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would move and trajectory, which i maybe daniel agrees with i think maybe daniel agrees with in in this in terms of wealth in this country with the various country with with the various programmes agreeing programmes not agreeing any of this, sound made up this, these sound like made up figures to me. but i mean you figures to me. but if i mean you can dispute oh no, don't can dispute oh no, i don't believe out believe anything. it comes out of people watching of the effect people watching can a lot of people made a lot of money during covid. it wasn't just the upper echelons of the billionaires, the amount of fraud world that was conducted in this country seemingly by ordinary people , setting up ordinary people, setting up fake, limited companies to extract these bonuses , back extract these bonuses, back loans and all the rest of it. we've seen astronomical levels of fraud in this country. so unfortunately , while a lot of unfortunately, while a lot of people struggled during covid, it's indisputable that an awful lot of people all along the income chain and it seems to me actually made an awful lot of money. let me just have a look at what you guys are saying. pizza, says dyson is dead, right? if we don't get growth, how on earth are we going to pay for the fifth of the population who governments? who work for the governments? jones idiot's
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jones says the first idiot's guide to economics tells you guide to economics tells me you don't your growth . don't touch your way to growth. lower levels of taxation for individuals businesses is individuals and businesses is absolutely the way forward , absolutely the way forward, annette says. our public services are a disgrace and they demonstrate the worst of nationalised industrial society. we spend more on the nhs than europe , but we've got fewer europe, but we've got fewer nurses, doctors and beds and worse outcomes etc. less is the reason people feel negatively. michelle is that because we've been on easy street for such a long time and never really experienced hardship before ? experienced hardship before? it's probably the reason that all the people cope better with things because they've been through more and are tougher. do you think that's fair enough? we've just been speaking, haven't we, about, you know, incredibly low some might say unhelpfully low interest rates at such a long time have the younger generation basically just got used to things just being to easy? many of you will text an email me in and say, michelle, i can remember interest rates of things like 17. give me your thoughts on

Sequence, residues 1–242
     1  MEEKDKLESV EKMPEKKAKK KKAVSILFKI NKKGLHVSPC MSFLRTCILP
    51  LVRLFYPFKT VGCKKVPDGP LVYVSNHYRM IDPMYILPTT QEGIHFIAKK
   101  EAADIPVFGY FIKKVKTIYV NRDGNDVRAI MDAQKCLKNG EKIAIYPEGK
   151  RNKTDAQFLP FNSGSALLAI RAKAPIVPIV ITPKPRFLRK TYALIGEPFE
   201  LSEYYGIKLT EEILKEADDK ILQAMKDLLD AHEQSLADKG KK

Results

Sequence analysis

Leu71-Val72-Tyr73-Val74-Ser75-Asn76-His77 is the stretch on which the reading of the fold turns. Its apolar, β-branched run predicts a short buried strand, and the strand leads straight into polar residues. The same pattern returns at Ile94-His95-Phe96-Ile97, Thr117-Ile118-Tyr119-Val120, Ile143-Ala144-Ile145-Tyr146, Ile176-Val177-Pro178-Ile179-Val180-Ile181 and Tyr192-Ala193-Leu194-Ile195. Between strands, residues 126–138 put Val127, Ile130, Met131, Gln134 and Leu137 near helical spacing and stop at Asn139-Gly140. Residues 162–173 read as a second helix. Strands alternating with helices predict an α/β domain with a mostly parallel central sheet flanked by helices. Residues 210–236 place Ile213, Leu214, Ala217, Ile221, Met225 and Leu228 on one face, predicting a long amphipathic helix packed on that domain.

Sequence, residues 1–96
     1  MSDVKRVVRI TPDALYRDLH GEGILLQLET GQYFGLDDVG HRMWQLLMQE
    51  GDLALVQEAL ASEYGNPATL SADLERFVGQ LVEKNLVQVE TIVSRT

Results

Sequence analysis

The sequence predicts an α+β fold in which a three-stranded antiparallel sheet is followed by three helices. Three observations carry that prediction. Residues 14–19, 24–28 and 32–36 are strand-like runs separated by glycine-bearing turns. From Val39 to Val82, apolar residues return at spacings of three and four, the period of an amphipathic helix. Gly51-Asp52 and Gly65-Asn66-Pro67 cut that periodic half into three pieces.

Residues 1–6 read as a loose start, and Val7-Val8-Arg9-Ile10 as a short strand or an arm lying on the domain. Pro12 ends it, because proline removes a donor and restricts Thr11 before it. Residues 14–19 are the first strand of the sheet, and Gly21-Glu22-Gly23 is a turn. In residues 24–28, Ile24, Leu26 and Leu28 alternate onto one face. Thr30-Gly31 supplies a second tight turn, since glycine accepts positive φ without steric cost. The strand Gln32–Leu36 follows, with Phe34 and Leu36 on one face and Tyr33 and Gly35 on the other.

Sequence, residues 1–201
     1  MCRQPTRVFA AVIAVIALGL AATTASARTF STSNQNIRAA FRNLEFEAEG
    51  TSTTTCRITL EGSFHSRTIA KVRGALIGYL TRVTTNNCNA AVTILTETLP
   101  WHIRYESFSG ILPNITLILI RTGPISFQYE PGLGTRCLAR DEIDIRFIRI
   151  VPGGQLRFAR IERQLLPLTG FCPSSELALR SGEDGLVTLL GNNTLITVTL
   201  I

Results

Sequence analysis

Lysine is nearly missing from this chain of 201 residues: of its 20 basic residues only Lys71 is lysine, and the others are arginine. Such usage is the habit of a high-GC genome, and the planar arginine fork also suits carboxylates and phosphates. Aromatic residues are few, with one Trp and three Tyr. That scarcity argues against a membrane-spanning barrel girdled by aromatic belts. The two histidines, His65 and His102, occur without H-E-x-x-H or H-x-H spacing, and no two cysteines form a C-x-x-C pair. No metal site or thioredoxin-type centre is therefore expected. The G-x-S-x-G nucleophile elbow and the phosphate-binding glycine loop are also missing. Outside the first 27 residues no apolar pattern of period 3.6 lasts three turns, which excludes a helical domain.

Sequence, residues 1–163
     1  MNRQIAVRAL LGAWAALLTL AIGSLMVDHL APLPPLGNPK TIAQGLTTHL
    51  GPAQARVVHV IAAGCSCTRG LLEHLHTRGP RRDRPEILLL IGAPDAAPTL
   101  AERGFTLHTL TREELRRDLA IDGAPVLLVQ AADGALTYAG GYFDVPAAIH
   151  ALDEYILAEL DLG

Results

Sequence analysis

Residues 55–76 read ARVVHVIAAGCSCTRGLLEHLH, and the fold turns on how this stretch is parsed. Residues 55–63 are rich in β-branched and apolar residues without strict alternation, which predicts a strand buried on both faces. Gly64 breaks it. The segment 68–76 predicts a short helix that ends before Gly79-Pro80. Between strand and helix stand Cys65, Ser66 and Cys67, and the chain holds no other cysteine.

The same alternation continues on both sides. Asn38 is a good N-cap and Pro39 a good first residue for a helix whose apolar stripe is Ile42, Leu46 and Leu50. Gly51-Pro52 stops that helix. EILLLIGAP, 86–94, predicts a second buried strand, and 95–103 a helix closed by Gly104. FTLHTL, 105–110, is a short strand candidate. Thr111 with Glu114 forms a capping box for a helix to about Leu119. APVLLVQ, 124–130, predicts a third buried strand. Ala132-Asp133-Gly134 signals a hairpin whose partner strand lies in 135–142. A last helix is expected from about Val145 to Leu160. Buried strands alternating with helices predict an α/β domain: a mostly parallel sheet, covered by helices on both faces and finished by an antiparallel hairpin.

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whether or not you agree with that. us i'm going to take a quick break. when i come back, i want to talk to you about levelling up because round two of the funding has been announced today. did area announced today. did your area get any have you seen who did get any have you seen who did get it? and do you think that just money is the answer to making the country more equal? give me your thoughts and i'll see .
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hello there. welcome back to dewbs& co with me, michelle dewberry alongside me , i've got dewberry alongside me, i've got daniel moylan, the former adviser to boris johnson and tory life pair in the house of lords and our ambassador to the founder of novara media. welcome back, gents, and welcome to back, gents, and welcome back to you home. you've been you guys at home. you've been getting the getting in touch about the growth economy, both , growth in the economy, both, says they should says michelle, they should always be lower corporation tax and lower death tax . i've got to and lower death tax. i've got to say, i would say zero inheritance tax. i do not
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understand why anyone thinks that inheritance tax is a good idea . i think it's absolutely idea. i think it's absolutely ludicrous . ray says it cannot ludicrous. ray says it cannot grow the economy without high in manufacturing innovation. and so skills. however tyson has got a nerve because he's moved his manufacturing east says we're liz the reason this country is not growing in the last 13 to 15 years is down to the banks. we've had multiple bank crashes . the banks have taken control, paid themselves on the shareholders, huge bonuses . she shareholders, huge bonuses. she says with the government's blessing . by the way, i've blessing. by the way, i've written , i make a good point written, i make a good point i on death tax inheritance tax should be scrapped, you should be scrapped, don't you think to respond to think i'd have to respond to that? firstly very few people pay that? firstly very few people pay inheritance tax anyway, so people do. secondly, but secondly, here's. and here's the thing that matters to of thing that matters to most of your audience people live your audience as people live longer, know, the leading longer, you know, the leading cause in country cause of death in this country already. don't mean to already. and i don't mean to get morbid and morbid here is dementia and actually the equity in people's homes pay for their homes is going to pay for their elderly care costs. that is going to be the number one thing